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Willis Building

The building is located in London's City district, which is in a historical preservation zone. The designs bear significant relevance to London, both from the urban and environmental points of view. The building is woven into the urban tapestry through the provision of open public spaces at street level. The project's commitment to sustainability and the environment is evidenced by the surpassing of official British government carbon reduction targets by 20%. The building received the BREEAM (Building Research Establishment Environmental Assessment Method) Excellent rating – the highest rating possible and which is only rarely conceded. It also earned, for its architectural quality and contribution to the urban landscape, the 2007 New City Architecture Award.


The project comprises two independent blocks unified by an open square at street level that is open to the public. The larger block, standing 29 storeys high, is located in front of the Lloyds Building (designed by Richard Rogers and an example of prime architecture), which required a plethora of studies with a slew of factors to take into account so that the new project did not obliterate its identity, instead creating a dialogue between the two structures.  The smaller, 10-storey high, building features a concave façade that lends form to the square, while its curved edges preserve the protected view corridors. Its footprint also reintegrates a historical route at street level through an internal, pedestrian "street", with stores, cafés, restaurants, landscaping features, banks, leisure facilities, parades, etc. that ensures a continuity of the historical spirit created by the nearby Leadenhall Market and forming a route between them.


The two structures were designed as curved, overlapping "shells" on three staggered planes, whereby the roof cover for the two lower levels offers a terrace with views of the square that can be accessed from the offices. Both blocks have a central circulation tower to allow for open and flexible internal layouts. The façades are an integral part of the sustainability and energy gain strategy, as they are highly reflexive and composed of interspaced solid and glass panels in a zigzag arrangement. This not only offers greater thermal insulation, but also diminishes the incidence of direct sunlight and its excessive heating effects.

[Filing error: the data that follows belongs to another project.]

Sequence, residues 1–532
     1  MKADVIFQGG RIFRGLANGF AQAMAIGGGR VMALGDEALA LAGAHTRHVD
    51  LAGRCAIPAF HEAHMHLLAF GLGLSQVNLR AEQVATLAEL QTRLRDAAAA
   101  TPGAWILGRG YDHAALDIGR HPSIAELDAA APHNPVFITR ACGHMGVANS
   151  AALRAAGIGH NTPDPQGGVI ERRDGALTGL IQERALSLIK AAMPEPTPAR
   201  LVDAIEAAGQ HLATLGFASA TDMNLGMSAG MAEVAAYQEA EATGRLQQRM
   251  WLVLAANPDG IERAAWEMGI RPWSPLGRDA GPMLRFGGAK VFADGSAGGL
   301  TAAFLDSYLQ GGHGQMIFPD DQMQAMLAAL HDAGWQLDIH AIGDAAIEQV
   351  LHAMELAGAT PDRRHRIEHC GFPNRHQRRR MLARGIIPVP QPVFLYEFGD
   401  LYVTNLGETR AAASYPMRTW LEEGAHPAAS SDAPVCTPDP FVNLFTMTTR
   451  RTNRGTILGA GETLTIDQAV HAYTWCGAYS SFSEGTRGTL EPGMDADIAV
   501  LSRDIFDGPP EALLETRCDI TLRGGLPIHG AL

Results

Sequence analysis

The brief called for: an auditorium with 375 seats; a spa/gym; terraces for associates and clients; a restaurant and café for associates; 27 conference rooms; a video room; an eating area for clients; 35,000 square metres of office space. The project also includes parking in the form of 42 spaces for cars, 88 spaces for motorcycles and 264 spaces for bicycles. This was a strategy aimed at ensuring no negative impact on local traffic conditions and encouraging the use of public transport.






The project concept was arrived at through the work of an internal team set up and dedicated to this purpose. Extensive analyses were run to take into account the myriad historical, geographical, demographic, weather, geometric and other factors involved.  There was particular care paid to shaping the volume in tune with the surroundings while respecting the rights of light parameters. Deep studies were made on Leadenhall Market and its land occupation standards, which were incorporated in the "internal street" designs. Diagrams were drawn up illustrating the different impacts the project would have on orientation, placement, geometry, and spatial, cultural and human relations. Dozens of models were made in search of the best possible intervention that also fulfilled the client's objectives.


The project development also counted with a large, multidisciplinary team of consultants, including budgetary experts, structural and installations engineers, legal approvals specialists, wind tunnel technicians, vertical circulation consultants, etc., which the internal team had to coordinate and interact with. 


Getting all the permits and approvals from the city council was a highly complex process due to the many factors involved: the fact it was a historical preservation area, the proximity to the Lloyds Building, already saturated local traffic conditions, and restrictions imposed by the adjoining buildings' rights of light, to name a few. This led to repeated redesigns and discussions with the planning authorities, which, in turn, gave rise to one of the conditions for approving the project as a whole: the concession of spaces for public use.


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